When I spotted Pema Chodron’s “The Wisdom of No Escape” at the local library in December, I decided it would serve me well to study her words as if my life depended on it.
I felt that my own personal goals could be re-evaluated following my recent relapse, which was neither pain-free nor comfortable.
So her words ring true for me: "If we are committed to comfort at any cost, as soon as come up against the least edge of pain, we're going to run; we'll never find the freedom to know what lies beyond that [discomfort, or] that barrier or the thing which we fear."
How much kinder and joyful and interesting would my life be, were I to develop curiosity towards my life, without trying so hard to make it pain-free?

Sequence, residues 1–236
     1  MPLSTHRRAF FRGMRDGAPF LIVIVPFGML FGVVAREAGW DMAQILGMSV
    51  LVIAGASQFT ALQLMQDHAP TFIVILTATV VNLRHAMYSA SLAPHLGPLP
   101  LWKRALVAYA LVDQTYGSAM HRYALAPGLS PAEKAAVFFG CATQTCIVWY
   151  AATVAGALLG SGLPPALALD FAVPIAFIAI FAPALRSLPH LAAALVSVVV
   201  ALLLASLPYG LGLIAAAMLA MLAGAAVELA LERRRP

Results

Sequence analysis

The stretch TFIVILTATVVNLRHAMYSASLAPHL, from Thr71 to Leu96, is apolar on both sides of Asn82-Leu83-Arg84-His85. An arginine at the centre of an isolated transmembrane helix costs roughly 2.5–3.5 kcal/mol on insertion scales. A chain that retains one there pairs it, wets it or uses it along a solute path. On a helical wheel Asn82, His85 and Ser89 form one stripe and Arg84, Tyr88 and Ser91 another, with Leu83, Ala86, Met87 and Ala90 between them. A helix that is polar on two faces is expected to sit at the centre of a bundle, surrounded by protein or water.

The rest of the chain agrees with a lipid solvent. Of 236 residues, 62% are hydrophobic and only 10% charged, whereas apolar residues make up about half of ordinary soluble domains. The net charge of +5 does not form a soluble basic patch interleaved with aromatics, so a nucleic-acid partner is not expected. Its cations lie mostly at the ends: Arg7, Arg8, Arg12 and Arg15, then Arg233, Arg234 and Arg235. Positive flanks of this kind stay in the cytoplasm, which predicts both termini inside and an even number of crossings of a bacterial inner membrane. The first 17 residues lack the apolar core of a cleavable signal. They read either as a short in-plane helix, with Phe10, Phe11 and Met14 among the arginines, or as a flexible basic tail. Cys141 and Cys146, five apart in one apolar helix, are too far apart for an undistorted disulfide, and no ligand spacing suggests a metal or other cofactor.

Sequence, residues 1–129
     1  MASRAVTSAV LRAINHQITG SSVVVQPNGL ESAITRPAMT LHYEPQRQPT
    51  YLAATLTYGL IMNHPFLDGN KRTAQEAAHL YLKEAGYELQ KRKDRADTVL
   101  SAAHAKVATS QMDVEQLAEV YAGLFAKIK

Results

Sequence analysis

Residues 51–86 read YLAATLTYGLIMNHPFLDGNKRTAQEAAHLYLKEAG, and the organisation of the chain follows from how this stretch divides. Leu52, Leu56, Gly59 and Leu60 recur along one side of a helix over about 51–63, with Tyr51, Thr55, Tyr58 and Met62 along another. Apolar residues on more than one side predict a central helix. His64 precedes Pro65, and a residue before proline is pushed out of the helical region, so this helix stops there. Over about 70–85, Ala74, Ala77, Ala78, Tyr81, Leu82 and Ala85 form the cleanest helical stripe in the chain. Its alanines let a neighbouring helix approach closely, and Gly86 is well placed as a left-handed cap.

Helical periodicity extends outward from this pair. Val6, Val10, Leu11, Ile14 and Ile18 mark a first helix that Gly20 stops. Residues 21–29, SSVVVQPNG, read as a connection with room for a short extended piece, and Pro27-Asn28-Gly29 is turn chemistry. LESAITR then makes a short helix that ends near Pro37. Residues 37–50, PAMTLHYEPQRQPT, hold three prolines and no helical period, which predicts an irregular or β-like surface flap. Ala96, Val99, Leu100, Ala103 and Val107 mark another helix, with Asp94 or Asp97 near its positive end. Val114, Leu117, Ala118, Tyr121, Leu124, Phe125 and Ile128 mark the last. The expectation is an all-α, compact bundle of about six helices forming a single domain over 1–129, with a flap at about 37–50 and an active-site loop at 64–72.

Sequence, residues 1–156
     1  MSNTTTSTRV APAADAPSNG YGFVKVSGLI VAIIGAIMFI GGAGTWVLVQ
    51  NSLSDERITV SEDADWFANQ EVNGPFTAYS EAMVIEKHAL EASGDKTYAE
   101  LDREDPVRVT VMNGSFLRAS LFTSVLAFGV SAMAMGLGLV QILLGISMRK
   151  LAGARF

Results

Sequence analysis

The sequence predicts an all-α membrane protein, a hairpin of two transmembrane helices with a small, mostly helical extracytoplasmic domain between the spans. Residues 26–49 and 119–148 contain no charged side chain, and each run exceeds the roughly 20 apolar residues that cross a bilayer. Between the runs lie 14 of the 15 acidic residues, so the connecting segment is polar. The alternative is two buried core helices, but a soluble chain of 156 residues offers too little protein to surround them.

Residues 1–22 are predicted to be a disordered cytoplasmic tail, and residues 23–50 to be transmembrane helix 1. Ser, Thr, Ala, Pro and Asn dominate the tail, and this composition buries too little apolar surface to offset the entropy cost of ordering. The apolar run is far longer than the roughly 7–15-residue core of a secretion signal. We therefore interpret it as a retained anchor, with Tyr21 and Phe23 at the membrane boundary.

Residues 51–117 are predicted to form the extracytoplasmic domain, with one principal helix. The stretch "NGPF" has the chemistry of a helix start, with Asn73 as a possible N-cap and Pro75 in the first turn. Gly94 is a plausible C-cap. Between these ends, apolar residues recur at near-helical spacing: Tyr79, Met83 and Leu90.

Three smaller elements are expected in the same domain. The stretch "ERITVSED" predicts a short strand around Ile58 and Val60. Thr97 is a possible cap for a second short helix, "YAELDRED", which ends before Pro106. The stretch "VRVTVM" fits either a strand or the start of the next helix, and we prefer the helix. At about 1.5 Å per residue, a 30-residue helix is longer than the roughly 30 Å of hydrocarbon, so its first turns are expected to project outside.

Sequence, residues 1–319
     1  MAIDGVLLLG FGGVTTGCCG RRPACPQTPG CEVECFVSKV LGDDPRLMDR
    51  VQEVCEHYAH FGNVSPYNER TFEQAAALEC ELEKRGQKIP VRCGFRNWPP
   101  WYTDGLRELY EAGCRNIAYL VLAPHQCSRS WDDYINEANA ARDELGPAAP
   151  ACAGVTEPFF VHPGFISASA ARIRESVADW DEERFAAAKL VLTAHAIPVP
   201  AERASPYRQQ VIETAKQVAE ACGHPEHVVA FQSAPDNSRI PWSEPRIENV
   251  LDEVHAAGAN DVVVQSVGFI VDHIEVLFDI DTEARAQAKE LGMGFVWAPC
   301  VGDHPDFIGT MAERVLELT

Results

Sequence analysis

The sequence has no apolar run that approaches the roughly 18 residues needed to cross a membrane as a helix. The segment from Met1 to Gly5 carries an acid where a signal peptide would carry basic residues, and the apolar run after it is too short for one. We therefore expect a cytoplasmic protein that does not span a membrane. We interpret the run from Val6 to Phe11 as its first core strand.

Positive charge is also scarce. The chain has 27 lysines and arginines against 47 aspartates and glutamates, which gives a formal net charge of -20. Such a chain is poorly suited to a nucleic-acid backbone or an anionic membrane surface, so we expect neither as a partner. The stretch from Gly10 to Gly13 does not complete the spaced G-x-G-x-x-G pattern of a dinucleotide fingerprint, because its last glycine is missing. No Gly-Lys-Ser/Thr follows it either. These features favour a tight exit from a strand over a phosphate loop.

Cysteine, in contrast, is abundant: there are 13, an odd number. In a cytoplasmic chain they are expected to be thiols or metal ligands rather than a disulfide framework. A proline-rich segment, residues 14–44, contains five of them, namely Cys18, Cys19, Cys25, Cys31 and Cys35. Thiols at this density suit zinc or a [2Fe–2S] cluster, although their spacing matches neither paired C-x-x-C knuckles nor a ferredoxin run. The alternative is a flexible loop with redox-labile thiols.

In order to find out, I have decided to make a specific commitment to a meditation practice (one day at a time) during these first two months of 2011. I decided not to attach a goal of comfort to this practice. Nor do I want to find myself believing that, at last, I have found the one practice that is going to make me whole, forevermore. So I am allowing myself try out more than one meditation approach.
I have other things I “don’t” want. I don’t want to find myself judging my practice on bad days, aware of my limitations, hearing myself think, "If I could meditate and calm down I would be able to be super-Smitty!" Nor do I want to hear myself mutter, “If only I were not depressed.” Or “If only I had someone to share this practice with!” Each “if only” is just another way to find my meditation practice lacking. I don't want to find myself a month from now with the same conditional thinking that got me here, still believing I am a person who is constitutionally unable to meditate.